A significant right for the unemployed is unemployment compensation and financial assistance until they can find other work.
Who is Eligible for Compensation?
You are eligible to apply for work unemployment compensation and must meet all the requirements to obtain benefits if you:
- Register for a job as part of your unemployment compensation claim.
- Have enough wages to qualify for benefits.
- Claim benefits every week by phone or via the Internet each week you are able and available for work.
- You can work a job suited to your training, skills, and education.
- You were forced to quit your job, laid off, or fired for no fault.
The Unemployment Compensation Center decides if you have earned enough to collect benefits and whether there was a good reason why you lost or quit your job. Your former employer does not make that decision.
You may initially file online for benefits, seven days a week, 24 hours a day. You may also file via phone, from 7:00 A.M. To 4:45 P.M. Tuesday to Friday, toll-free at: (888) 313-7284 or toll-free, hearing impaired at (888) 334-4046.
Information Required to Apply for Unemployment Compensation
You need the following information to file:
- Your Social Security number (SSN).
- Your Identification Number (PIN), if you have one.
- Your alien registration number if you are not a U.S. citizen.
- Your Pennsylvania driver's license number, if you have one.
- Your mailing address.
- Employer's address and name.
- Employer's information form, if you have one.
- Dates of employment and the reason(s) you left.
- A recent pay stub. This is optional but very helpful.
What Happens If You Are Denied Unemployment Compensation?
If you are denied unemployment compensation, you have the right to appeal. The good news is that many workers do win their appeals. It is relatively easy to mount an appeal. You can find instructions for doing so on the Notice of Determination.
The Notice of Determination allows you to make a short statement outlining why you disagree with the decision. Make sure to file an appeal within 15 days of the “mailing” date of the notice denying you benefits. Do not wait.
It is essential to know that your employer may appeal as well. If that happens, you are assigned a referee, a hearing is held, and you and the employer present your stories. You may look at the file a few days before the hearing, and in some Pennsylvania counties, you may ask for a copy of the file from the Referee's Office.
Once at the appeal, present all the information you can because if your request goes any further, you cannot add more details later. The Referee's hearing is your only opportunity to submit evidence. Always attend these hearings. Not attending may mean you lose. It is a good idea to have an attorney present with you, one with experience in handling unemployment compensation cases.
If The Referee Denies Your Appeal
Should your appeal be denied by the referee, you can appeal to the Unemployment Compensation Board of Review. That process is outlined in the Referee's decision. Provide the reasons you disagree and file within 15 days from the mailing date of the Referee's written decree. Do not wait.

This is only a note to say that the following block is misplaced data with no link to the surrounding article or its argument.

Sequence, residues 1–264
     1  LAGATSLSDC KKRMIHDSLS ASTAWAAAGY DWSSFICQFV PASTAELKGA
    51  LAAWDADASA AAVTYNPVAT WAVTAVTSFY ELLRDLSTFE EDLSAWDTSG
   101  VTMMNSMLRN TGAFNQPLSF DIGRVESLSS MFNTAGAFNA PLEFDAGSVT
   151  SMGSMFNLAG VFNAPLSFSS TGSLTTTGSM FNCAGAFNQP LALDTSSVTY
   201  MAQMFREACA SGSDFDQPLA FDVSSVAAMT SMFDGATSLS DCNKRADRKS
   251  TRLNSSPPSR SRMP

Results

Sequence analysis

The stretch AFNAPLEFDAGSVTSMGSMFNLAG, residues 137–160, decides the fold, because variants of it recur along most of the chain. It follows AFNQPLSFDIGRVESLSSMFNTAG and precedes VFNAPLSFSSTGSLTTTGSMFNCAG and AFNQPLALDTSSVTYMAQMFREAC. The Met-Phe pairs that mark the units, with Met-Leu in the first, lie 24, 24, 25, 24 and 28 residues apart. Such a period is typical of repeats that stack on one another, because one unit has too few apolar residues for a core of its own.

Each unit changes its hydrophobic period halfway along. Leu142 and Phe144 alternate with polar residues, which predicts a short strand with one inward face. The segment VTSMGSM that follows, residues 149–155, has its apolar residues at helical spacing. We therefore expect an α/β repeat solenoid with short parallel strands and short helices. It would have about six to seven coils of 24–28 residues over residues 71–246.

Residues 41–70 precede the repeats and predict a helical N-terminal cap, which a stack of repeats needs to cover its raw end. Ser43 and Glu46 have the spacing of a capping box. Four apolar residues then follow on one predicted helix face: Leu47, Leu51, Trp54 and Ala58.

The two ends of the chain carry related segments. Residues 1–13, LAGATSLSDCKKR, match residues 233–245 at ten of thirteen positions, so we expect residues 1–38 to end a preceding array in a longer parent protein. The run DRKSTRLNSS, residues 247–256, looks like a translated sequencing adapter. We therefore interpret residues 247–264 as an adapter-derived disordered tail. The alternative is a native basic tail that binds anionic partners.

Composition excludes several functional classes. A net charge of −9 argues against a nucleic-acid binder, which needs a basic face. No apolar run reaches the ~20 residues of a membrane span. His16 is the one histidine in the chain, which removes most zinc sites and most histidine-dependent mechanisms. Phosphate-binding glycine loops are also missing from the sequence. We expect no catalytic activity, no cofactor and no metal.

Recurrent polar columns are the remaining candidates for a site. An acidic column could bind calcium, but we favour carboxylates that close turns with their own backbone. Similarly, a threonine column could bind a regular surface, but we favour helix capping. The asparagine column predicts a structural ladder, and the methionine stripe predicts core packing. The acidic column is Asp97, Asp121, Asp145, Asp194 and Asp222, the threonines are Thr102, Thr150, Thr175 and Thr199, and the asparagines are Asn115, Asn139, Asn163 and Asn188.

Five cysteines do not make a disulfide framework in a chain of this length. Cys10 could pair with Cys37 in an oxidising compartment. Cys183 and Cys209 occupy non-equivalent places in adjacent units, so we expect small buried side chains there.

You may ask the Board of Review for a copy of the transcript of your hearing and copies of any evidence exhibits introduced. You may also ask for permission to file a brief. At this point, you should have an experienced Erie unemployment compensation attorney from Melaragno, Placidi & Parini with you to protect your rights.
Should You Lose Your Appeal at the Board of Review
If you lose your appeal at the Board of Review, your next step would be an appeal to the Commonwealth Court of Pennsylvania. You have 30 days from the Board's written decision to appeal.
You may appeal without an attorney; however, this is not advisable due to the necessity for court procedures to be followed. At the Erie law office of Melaragno, Placidi & Parini, we are with you every step of the way and can explain what is going on, what you need to know, how it will be presented, and what you may expect as an outcome. Each case is different, and all results hinge on the material submitted for deliberation.
You may not win any of your appeals. In that situation, it is best to double down on your search for work. Take care before accepting a new position because should you quit, you can be denied unemployment compensation unless there are compelling reasons to leave the second job.
What If the Employer Fired You Without A Good Reason?
In Pennsylvania, most workers are "employees at will." That means the employer may fire them for any reason or no reason. There would be some exceptions to this if you were let go because:
- You took leave from work covered by the Family and Medical Leave Act.
- You were called for jury duty.
- You were involved in union activity.
- You exercised a constitutional right.
- You filed for bankruptcy.
- Your age, disability, sex, race, religion, or national origin.
- You had your wages garnished.
- You tried to enforce an employment law.
- You filed a workers' compensation benefits claim or unemployment compensation claim.
Many things can go awry in any situation where you are applying for and attempting to secure unemployment compensation. Trying to do this without legal assistance is challenging, and that type of help typically means a better outcome for you. At Melaragno, Placidi & Parini, we know the ropes and can help you navigate a rough road to security unemployment compensation.
Contact Erie's Melaragno, Placidi & Parini Today
Securing unemployment compensation can be complicated. At Melaragno, Placidi & Parini, we walk you through your legal rights, file a claim, and let you know how to seek benefits. We can also advise you when the laws relating to unemployment compensation change. The first consultation is free. Call us today at (814) 452-2222.